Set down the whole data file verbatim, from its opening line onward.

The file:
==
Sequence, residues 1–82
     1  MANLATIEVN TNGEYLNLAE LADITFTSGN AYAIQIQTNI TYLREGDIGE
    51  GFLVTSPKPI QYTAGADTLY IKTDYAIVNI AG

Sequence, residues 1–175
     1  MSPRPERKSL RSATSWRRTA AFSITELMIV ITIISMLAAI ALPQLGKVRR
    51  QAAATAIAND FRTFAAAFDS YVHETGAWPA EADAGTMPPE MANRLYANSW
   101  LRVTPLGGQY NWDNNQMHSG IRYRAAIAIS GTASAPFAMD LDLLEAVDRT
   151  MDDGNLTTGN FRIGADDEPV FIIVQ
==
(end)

Sequence, residues 1–82
     1  MANLATIEVN TNGEYLNLAE LADITFTSGN AYAIQIQTNI TYLREGDIGE
    51  GFLVTSPKPI QYTAGADTLY IKTDYAIVNI AG

Sequence, residues 1–175
     1  MSPRPERKSL RSATSWRRTA AFSITELMIV ITIISMLAAI ALPQLGKVRR
    51  QAAATAIAND FRTFAAAFDS YVHETGAWPA EADAGTMPPE MANRLYANSW
   101  LRVTPLGGQY NWDNNQMHSG IRYRAAIAIS GTASAPFAMD LDLLEAVDRT
   151  MDDGNLTTGN FRIGADDEPV FIIVQ